Two Key Startup Business Model Misconceptions
Author: Robert Thong
This blog post highlights two key misconceptions that bioscience startups often have with respect to their new venture’s business models. These misconceptions can lead to poor decisions that result, at best, in resource-wasting delays before a self-sustaining enterprise is established, and at worst, in their venture’s premature demise.
We will start with a quick recap of what we mean by a “business model”. And then delve into the two key misconceptions:
- Business Model = Commercial Model.
- Business Model is Fixed Early On.
What is a Business Model?
Your Business Model explains the essence of how your business “works” i.e. how your business is set up and operates to create value for your customers, your shareholders, your team members and (increasingly for many social ventures and B corporations) society at large.
At its simplest level, any business model must encompass three fundamental overlapping concepts, namely:
- Customer Value Proposition.
- Commercial Model.
- Value Delivery System.
Your customer value proposition articulates what problems you solve for your customers and/or what jobs you perform for your customers, including which customer segments you choose to focus on. This proposition needs to be compelling enough for your target customers to proactively choose you rather than select a competitor or do it themselves.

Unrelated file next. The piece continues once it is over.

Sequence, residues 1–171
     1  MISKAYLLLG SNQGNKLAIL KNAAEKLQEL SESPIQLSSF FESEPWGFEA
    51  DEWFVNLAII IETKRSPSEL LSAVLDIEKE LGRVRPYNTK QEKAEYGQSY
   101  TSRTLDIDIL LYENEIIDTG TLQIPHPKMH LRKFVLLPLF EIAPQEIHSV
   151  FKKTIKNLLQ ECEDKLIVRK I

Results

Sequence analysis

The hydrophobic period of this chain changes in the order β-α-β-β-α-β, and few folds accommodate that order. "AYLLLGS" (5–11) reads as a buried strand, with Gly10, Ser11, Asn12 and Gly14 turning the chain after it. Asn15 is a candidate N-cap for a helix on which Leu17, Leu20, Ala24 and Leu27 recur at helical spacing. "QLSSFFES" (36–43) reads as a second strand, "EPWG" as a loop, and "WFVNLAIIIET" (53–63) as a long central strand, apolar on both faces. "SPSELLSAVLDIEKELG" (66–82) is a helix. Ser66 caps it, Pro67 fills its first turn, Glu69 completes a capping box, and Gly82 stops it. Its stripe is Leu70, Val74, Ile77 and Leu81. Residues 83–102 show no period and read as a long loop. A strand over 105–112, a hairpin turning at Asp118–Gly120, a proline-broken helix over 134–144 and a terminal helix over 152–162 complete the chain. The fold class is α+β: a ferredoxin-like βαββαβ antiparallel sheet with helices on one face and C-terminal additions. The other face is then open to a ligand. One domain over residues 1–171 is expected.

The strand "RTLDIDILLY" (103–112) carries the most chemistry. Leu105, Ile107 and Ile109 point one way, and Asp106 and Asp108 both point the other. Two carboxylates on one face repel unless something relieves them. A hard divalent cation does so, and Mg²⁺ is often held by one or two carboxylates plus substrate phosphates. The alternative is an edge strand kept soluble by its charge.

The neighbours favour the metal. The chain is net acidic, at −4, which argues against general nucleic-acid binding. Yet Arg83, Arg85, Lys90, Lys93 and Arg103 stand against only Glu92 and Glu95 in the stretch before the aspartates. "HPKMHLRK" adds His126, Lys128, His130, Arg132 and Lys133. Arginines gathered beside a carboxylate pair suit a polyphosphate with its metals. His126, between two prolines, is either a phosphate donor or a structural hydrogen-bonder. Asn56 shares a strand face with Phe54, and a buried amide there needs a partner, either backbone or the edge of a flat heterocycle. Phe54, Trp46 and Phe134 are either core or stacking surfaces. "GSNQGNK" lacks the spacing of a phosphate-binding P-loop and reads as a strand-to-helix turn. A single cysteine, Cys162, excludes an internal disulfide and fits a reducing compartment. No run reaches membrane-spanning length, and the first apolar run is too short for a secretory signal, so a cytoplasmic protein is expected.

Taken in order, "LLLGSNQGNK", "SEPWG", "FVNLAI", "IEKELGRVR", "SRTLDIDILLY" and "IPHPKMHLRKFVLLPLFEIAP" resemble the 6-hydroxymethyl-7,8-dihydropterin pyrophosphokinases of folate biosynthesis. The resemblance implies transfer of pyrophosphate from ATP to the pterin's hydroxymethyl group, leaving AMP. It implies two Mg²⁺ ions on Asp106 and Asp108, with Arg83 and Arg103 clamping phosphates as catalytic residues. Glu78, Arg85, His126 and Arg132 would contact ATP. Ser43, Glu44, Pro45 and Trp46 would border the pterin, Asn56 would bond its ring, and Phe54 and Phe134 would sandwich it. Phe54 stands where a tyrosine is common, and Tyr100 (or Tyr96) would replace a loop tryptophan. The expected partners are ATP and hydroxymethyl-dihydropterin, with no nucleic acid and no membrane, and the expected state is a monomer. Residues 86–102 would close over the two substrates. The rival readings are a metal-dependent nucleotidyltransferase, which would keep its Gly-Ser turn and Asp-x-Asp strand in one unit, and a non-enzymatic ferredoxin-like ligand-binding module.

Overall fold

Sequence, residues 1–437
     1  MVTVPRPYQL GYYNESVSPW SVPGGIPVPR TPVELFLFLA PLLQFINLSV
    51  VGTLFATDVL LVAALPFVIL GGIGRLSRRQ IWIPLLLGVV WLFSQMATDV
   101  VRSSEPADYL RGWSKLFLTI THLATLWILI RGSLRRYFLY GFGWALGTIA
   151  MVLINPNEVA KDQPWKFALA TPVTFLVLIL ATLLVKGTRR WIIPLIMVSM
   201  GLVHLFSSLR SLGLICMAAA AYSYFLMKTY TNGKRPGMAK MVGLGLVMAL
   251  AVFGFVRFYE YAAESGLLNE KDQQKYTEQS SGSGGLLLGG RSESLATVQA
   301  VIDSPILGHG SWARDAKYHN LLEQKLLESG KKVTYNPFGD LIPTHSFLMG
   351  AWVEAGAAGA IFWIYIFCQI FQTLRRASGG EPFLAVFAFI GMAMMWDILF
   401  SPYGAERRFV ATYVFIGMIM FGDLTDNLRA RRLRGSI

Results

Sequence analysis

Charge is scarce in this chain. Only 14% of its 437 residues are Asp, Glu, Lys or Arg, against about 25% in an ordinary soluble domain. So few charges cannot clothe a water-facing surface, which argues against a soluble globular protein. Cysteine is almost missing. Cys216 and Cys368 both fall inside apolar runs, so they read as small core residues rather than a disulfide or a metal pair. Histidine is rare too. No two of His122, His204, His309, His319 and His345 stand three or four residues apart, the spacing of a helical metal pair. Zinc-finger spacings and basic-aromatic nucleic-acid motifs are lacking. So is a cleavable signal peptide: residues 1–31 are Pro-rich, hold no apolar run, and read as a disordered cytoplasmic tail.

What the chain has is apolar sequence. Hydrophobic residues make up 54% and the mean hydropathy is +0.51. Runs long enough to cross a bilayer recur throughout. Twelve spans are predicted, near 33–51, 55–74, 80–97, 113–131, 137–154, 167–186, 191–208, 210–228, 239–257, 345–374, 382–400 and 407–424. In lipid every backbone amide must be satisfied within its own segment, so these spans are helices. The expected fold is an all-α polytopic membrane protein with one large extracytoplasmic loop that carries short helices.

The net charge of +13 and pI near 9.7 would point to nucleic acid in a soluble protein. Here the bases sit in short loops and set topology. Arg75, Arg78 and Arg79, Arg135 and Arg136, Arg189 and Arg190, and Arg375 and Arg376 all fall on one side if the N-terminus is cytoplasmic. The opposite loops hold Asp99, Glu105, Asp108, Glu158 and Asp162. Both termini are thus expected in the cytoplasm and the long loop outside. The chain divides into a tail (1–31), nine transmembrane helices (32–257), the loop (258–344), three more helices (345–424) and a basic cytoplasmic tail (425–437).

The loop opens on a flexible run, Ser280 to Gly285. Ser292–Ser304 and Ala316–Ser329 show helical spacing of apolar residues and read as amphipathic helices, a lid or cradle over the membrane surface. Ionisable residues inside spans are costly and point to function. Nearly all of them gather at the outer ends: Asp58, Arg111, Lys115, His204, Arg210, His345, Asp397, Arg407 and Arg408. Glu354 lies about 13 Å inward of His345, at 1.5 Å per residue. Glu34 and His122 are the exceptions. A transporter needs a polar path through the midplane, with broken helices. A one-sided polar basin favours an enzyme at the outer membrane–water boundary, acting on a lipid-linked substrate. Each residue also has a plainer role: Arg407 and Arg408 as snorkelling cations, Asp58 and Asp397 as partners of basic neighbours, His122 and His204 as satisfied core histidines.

Your commercial model comprises:
- Mechanisms for capturing revenue from your customers (in exchange for you delivering your customer value proposition to them) including the corresponding pricing structures.
- Repeatable and scalable processes for gaining, maintaining and deepening customer relationships, including any distribution channels you might use.
Your value delivery system (“VDS”) comprises the business and scientific/technical processes you use to deliver your customer value proposition. These processes comprise a network of activities conducted by your own resources and those of your partners, coordinated and combined to deliver customer value. Your VDS needs to be efficient and scalable in order to generate an acceptable economic return for your investors and your team members.
There are several well-documented frameworks for explaining and communicating business models, for both corporate innovation and enterprise reinvention and for startups such as the Business Model Canvas and its cousin the Lean Canvas. Some of these tools list as many as nine distinct components for a business model, but at the end of the day, they all encompass the same three fundamental concepts outlined above.
Misconception 1: Business Model = Commercial Model